Tag Archives: efficiency

More efficient use of rooms and equipment during the shutdown

Instead of the labs, gyms and other rooms standing empty during the shutdown, the same isolation of people could be achieved by allocating each building or other resource to one person. Equipment from gyms or labs could be lent out for the duration of the shutdown, of course keeping a database of who borrowed what and making the borrower liable for its safe return. If only one person uses each object or building the whole time, then there is no cross-contamination or infection-spreading.

Excess demand could be rationed by lottery. Only the winner of the lottery for a resource would be allowed to use the resource, with large penalties for sharing. This would improve efficiency slightly, because one person instead of zero would be using each resource.

If the heat, water and electricity were turned off during the shutdown, then it might be more efficient to let the buildings stand empty, instead of having the utilities on and one person in each building or room. However, the lights in MIT buildings are still on at night, just like before the shutdown (and it seemed wasteful back then already).

Window allocation to the rooms benefiting the most

People seem to value having a window in their office or living room, more so than in a stairwell, closet or storage. It would be efficient and simple to design the floorplans to maximise the total benefit derived from windows. However, in both commercial and residential buildings, the corners (with the best window access) sometimes have stairwells or elevators instead of offices or living rooms. For example, in the MIT economics department (building E52), the seminar rooms have the biggest windows with the best view, and one corner of the building is a stairwell. In seminar and teaching rooms, people are supposed to look at the slidescreen or speaker, not out of the window, so the benefit of windows is little. Sometimes a window even adds negative value if the sun shines in people’s eyes and they have to spend a small amount of time closing the blinds.

If building regulations require a stairwell to have windows, thus be adjacent to an outside wall, then it would still be welfare-improving to locate offices at the corners, relegating the stairwell to the middle of a side of the building. Specifically, the side with the worst view or the side most prone to undesirable glare. Another way to comply with window requirements is to construct a shaft in the middle of the building (as in some New York highrises) and put the stairwells next to the shaft.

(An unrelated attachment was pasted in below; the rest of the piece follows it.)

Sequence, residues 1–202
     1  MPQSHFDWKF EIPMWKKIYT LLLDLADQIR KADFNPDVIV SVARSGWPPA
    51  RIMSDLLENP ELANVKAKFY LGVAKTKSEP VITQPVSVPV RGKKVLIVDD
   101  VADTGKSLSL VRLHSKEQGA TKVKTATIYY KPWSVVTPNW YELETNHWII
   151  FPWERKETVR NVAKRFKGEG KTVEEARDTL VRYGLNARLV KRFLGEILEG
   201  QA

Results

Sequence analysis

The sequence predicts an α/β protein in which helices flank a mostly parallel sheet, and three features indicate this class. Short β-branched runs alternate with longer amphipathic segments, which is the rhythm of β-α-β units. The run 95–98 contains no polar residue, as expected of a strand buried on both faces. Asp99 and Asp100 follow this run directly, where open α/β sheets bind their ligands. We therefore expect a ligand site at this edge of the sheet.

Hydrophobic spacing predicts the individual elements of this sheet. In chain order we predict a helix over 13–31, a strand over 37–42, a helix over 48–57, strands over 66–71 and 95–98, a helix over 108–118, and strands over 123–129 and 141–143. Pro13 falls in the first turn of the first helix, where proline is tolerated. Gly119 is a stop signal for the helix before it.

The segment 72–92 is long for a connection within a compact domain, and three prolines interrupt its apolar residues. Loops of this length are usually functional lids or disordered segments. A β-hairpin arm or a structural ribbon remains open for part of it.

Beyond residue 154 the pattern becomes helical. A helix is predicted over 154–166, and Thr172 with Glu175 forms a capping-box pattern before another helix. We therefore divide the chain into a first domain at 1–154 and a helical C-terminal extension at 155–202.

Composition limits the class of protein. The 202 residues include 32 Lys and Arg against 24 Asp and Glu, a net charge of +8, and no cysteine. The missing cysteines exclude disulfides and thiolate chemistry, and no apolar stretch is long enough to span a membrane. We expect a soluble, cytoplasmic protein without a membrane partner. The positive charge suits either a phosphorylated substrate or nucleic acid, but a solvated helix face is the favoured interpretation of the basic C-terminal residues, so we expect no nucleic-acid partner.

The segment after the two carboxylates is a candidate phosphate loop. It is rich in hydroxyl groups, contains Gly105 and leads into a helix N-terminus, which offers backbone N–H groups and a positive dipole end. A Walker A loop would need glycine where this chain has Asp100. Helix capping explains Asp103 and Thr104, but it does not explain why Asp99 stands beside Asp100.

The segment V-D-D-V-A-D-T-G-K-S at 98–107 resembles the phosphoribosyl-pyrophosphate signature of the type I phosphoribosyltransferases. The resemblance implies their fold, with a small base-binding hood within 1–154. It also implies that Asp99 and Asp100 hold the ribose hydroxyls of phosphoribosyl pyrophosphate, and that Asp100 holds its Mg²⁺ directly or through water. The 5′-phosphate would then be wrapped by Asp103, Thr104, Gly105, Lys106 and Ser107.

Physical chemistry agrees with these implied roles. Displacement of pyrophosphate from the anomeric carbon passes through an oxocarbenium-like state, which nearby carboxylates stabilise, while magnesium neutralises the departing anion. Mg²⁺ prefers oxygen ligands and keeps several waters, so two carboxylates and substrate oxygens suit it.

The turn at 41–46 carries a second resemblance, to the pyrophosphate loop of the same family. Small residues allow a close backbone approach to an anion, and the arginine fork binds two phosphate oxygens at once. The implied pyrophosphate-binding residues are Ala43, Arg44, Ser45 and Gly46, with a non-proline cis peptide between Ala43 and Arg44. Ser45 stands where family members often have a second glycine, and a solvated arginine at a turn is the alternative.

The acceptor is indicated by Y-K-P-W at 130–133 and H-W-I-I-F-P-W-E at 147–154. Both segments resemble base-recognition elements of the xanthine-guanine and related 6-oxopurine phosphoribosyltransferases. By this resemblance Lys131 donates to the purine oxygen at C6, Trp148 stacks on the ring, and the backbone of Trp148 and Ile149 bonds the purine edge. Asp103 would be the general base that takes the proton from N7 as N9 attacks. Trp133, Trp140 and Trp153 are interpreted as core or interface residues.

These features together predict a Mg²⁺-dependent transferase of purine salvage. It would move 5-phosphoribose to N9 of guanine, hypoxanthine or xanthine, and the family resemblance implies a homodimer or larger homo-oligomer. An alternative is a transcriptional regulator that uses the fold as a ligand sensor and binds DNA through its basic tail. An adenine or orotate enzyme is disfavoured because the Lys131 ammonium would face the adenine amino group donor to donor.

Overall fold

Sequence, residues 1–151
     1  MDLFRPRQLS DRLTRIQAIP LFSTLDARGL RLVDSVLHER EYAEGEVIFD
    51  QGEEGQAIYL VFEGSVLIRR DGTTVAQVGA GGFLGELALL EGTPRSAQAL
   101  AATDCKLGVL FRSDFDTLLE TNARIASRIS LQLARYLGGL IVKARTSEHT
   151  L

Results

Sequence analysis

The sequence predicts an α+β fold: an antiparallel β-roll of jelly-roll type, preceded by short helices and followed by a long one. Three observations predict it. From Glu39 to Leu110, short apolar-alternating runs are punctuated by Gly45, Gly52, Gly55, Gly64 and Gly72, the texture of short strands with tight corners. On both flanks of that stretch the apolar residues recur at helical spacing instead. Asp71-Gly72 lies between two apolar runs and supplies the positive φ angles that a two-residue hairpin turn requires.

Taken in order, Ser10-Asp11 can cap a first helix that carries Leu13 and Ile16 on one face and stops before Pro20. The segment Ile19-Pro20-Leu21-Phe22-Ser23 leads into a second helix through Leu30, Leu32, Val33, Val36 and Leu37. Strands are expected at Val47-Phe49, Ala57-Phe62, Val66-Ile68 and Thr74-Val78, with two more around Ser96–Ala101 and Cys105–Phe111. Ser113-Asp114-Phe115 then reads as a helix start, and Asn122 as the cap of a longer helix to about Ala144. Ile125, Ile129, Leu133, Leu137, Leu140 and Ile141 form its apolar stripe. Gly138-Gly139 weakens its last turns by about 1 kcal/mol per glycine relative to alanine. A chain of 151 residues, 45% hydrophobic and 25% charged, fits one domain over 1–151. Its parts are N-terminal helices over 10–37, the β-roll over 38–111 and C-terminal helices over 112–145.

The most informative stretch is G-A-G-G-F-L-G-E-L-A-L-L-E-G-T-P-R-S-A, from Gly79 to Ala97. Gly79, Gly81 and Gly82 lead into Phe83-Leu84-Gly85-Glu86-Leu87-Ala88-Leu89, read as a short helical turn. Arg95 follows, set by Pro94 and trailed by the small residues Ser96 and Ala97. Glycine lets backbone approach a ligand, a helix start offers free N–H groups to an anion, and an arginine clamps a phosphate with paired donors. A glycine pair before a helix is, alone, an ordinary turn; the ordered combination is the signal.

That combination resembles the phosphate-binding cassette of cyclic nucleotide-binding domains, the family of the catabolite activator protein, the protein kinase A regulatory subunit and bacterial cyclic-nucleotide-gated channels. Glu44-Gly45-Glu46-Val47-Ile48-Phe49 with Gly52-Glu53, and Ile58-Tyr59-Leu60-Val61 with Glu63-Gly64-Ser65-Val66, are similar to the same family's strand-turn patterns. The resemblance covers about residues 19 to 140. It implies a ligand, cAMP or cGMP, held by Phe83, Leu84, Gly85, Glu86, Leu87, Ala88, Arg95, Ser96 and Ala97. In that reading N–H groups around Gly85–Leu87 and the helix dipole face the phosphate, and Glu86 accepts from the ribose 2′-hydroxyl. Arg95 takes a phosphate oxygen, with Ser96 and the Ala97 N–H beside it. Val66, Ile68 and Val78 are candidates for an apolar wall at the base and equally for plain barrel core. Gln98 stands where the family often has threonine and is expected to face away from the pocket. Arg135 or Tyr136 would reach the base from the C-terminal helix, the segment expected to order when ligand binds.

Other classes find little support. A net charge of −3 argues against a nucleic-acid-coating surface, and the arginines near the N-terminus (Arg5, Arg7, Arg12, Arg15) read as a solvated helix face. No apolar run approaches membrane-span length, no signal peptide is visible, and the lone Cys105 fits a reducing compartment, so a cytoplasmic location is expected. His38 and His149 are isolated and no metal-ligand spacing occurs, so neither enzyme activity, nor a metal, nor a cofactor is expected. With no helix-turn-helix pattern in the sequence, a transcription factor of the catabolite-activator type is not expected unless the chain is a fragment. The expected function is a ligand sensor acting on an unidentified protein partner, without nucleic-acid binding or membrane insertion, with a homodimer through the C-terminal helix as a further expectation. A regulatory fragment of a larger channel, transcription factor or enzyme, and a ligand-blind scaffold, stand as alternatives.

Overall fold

Ebay should allow conditional bids

Ebay should allow buyers to bid for a single item across multiple auctions: make a bid for one item, then if outbid, automatically make the same bid on the next identical (as defined by the buyer) item and so on. This increases efficiency by joining multiple auctions for identical items into one market with many sellers and buyers. It also reduces selling times, because a buyer who just wants one unit does not have to wait until being outbid before bidding for the next identical item. Buyers generally are not continuously watching the auction, so there is a delay between being outbid and manually making the next bid. Buyers are willing to pay to reduce the delay, as evidenced by purchases at “buy it now” prices greater than the highest bids in the auctions.

More generally, bids conditional on being outbid would help merge auctions into markets, gaining efficiency and speed. For example, a buyer has different values for used copies of the same item in different condition and wants just one copy of the item. Conditional bids allow the buyer to enter a sequence of different-sized bids, one for each copy, with each bid in the sequence conditional on the preceding bids losing.

Linking the bids is not computationally difficult because Ebay already sends an automatic email to a buyer who has been outbid. Instead of an email, the event of being outbid can be used to trigger entering a bid on the next copy of the item.

Faster selling times benefit everyone: sellers sell faster, buyers do not have to waste time checking whether they have been outbid and then making the next bid, Ebay can charge higher fees to appropriate part of the increased surplus from greater efficiency. Ebay can also use the data on which items buyers consider similar enough to classify products and remove duplicate ads.

A browser extension or app can provide the same functionality: an email with title containing “You have been outbid” triggers code that logs in the user (with the credentials saved into a password manager or the browser) and types in a bid on the next copy of the item.

Free food for health and the environment

To motivate choosing vegan or environmentally friendly or healthy food, one option is to provide it for free. If people have eaten their fill, they are less likely to buy extra, whether meat or unhealthy. There are tradeoffs of course – any free resource tends to be overused.

For free food to be environmentally friendly, it should not be wasted and disposable utensils should be avoided. Food waste can be reduced by providing small portions to be eaten on the spot, with unlimited free refills of these small portions. All-you-can-eat restaurants already use this strategy by providing only small plates and bowls. The oversight of the food servers and other eaters and their disapproval of wasting food is a social deterrent.